Sue Frisch is a professional dog trainer with 25+ years of experience working with dogs and their owners. She is a member of the Association of Pet Dog Trainers (APDT) and the National Association of Canine Scent Work (NACSW) and Tri-State Dog ...
Sue Frisch is a professional dog trainer with 25+ years of experience working with dogs and their owners. She is a member of the Association of Pet Dog Trainers (APDT) and the National Association of Canine Scent Work (NACSW) and Tri-State Dog Obedience Club (TSDOC). After 25 years managing an animal shelter while also running a dog boarding business at her farm and teaching training classes at night, Sue’s expertise includes everything from basic manners training and behavior modification to dog psychology, nutrition, and exercise. Over the years she has worked with hundreds of families and their pet dogs. Sue knows that the science of canine behavior and training—and the resulting training techniques—is a field in constant development, and she makes sure to keep abreast of the latest discoveries. She regularly attends seminars with eminent behaviorists and dog trainers, and reads every significant book and publication on relevant topics. She is currently an American Kennel Club Canine Good Citizen Evaluator, is in the instructors training course for K9 Nose Work and studying to become a C.L.A.S.S. evaluator for the APDT’s Canine Life and Social Skills program. Through her business, Your Dog’s Place, Sue helps dog owners train dogs of all sizes, ages, and temperaments to be polite four-legged family members—and she gives dogs a home away from home when they board at her farm, Countryside Kennels. Sue lives in Honesdale, PA, with her four dogs, Mackie, April, Mystery, and Monkey.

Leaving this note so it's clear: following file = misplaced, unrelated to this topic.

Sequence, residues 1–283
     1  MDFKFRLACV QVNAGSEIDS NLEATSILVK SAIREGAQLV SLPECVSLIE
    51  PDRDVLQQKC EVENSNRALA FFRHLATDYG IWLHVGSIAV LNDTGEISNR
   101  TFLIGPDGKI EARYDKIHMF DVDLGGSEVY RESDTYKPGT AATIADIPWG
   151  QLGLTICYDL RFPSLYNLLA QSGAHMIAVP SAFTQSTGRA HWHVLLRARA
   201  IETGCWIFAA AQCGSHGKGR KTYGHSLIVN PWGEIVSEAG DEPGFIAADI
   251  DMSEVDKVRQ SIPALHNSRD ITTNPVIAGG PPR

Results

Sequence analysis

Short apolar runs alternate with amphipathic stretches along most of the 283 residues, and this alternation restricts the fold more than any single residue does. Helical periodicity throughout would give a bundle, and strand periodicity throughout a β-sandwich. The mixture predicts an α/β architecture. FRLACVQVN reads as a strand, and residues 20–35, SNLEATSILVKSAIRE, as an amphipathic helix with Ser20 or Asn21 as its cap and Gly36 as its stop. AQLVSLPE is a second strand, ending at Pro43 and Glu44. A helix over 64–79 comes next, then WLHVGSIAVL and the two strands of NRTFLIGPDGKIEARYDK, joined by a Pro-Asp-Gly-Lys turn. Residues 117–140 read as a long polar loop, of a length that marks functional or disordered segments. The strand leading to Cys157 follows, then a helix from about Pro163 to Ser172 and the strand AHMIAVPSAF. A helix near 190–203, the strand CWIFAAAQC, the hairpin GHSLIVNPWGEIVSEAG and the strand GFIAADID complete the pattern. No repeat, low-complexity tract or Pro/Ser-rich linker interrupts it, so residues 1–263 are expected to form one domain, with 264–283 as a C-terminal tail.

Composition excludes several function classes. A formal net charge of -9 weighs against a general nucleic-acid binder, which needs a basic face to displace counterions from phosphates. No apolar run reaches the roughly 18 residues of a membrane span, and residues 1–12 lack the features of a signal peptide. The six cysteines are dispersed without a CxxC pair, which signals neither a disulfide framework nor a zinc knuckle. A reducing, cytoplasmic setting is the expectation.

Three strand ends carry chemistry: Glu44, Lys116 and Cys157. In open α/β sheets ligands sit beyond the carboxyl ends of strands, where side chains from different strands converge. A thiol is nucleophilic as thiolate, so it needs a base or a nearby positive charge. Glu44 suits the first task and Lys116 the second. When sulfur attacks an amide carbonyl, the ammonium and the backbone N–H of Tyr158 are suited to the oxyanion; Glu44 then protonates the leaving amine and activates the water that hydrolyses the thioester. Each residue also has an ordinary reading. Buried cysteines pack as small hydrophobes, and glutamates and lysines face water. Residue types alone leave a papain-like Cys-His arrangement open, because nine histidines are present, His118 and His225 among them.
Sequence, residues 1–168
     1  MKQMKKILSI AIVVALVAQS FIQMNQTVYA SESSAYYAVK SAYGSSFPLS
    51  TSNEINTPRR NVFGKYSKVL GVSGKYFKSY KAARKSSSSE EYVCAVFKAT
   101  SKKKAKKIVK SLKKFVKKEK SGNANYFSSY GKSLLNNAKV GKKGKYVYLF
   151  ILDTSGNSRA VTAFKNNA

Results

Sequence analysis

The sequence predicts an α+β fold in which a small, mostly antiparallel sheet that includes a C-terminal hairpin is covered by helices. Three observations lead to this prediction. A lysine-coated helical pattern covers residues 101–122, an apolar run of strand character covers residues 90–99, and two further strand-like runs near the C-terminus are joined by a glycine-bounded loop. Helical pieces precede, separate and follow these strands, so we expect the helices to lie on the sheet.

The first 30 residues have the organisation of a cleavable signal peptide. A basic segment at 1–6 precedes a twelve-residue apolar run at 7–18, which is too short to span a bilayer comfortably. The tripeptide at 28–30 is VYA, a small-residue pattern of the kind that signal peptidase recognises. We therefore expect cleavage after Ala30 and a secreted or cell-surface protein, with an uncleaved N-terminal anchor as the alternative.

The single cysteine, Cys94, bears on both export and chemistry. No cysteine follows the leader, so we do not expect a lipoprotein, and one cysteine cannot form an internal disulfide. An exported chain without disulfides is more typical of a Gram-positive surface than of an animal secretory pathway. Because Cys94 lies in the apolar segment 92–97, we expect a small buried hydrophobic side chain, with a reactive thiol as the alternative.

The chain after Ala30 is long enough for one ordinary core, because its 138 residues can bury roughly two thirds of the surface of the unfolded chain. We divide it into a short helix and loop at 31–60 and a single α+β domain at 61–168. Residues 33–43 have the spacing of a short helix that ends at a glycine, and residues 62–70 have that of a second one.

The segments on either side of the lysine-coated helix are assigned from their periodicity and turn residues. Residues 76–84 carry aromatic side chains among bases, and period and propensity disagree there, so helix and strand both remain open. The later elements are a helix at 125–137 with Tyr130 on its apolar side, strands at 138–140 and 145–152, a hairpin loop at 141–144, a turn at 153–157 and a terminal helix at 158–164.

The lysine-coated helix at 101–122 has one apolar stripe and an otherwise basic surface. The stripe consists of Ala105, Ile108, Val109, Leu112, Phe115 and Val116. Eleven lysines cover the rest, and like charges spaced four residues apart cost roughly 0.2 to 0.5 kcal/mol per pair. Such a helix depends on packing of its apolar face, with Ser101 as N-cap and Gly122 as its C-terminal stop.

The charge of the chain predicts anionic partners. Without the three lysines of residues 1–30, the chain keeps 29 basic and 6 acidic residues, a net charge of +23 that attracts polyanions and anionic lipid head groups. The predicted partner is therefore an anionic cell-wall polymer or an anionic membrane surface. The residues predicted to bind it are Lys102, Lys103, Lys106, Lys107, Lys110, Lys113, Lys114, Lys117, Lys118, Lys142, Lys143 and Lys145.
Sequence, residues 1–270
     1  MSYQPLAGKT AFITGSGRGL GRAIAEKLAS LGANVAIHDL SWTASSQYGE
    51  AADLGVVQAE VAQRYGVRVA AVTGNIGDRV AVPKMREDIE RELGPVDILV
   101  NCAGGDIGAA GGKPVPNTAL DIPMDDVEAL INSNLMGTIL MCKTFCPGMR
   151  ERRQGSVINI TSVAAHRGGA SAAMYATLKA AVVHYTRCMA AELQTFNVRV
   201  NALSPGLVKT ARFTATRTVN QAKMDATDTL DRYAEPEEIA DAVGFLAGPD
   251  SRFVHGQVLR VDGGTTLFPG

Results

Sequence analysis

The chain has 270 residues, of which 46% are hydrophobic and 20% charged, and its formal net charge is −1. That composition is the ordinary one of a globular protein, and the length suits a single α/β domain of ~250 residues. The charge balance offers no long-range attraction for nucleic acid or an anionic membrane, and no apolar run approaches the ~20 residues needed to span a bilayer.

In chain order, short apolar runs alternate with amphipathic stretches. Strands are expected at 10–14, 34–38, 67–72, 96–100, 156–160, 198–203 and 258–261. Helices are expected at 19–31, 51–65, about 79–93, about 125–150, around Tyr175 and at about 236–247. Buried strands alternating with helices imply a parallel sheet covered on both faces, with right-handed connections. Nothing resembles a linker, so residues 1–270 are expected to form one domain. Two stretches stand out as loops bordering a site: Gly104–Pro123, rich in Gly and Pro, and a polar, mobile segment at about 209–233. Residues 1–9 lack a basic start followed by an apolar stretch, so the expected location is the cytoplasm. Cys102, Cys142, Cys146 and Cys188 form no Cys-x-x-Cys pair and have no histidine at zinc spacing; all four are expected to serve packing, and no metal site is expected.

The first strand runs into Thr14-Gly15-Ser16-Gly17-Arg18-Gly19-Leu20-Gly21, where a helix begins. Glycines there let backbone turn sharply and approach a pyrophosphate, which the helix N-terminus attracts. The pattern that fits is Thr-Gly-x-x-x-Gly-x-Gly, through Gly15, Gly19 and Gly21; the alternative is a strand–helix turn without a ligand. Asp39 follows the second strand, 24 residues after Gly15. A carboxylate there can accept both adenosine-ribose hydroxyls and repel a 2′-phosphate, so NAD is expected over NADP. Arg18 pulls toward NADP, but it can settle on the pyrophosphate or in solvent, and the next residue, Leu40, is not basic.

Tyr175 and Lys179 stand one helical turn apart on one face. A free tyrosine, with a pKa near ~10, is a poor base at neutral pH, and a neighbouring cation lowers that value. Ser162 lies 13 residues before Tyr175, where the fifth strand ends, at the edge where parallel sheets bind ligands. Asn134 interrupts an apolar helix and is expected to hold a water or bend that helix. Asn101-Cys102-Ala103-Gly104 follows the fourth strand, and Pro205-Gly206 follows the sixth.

Several students of Your Dog's Place Dog Trainig, a Honesdale based dog training facility recently received ribbons and titles in the popular dog sport of Rally Obedience. Rally is a fun and exciting team sport for dogs and their handlers! In Rally, dog and handler teams navigate a course with numbered signs indicating different exercises to perform such as Sit-Down-Sit, Sit - Walk around dog, Right, Left and About Turns, Figure 8 around cones, Send Over Jump, Recall Over Jump. Teams navigate the course at a brisk, continuous performance without direction from the judge. The dogs must stay with the handler during the course, walking politely on their leash in level one, and off leash in higher levels, while responding to the handlers request to perform the exercises instructed on the signs. Handlers are encouraged to talk to their dogs during the performance and may reward their dogs in the ring.
The exercises in Rally are great practice for good manners in real life, and through dog and handler teamwork, help
to improve the dogs focus on the handler. An attentive, well mannered dog is a pleasure to live with and easier to
take places than an inattentive dog that lacks manners. Dogs of any age can participate in Rally, as can dogs of any breed or mix and dogs with disabilities are also encouraged.
While many people enjoy competing with their dogs in Rally, it is not a requirement in Rally. Time spent working with your dog is always time well spent and many students attend weekly classes for the sheer enjoyment of spending time with their dog in a structured environment, while learning more focus and control. For more information about Rally, visit http://www.apdt.com/rally/about/. To learn how to sign up for an upcoming Rally class, or other dog training classes contact Sue Frisch at Your Dog's Place at firstname.lastname@example.org or 570-729-8977.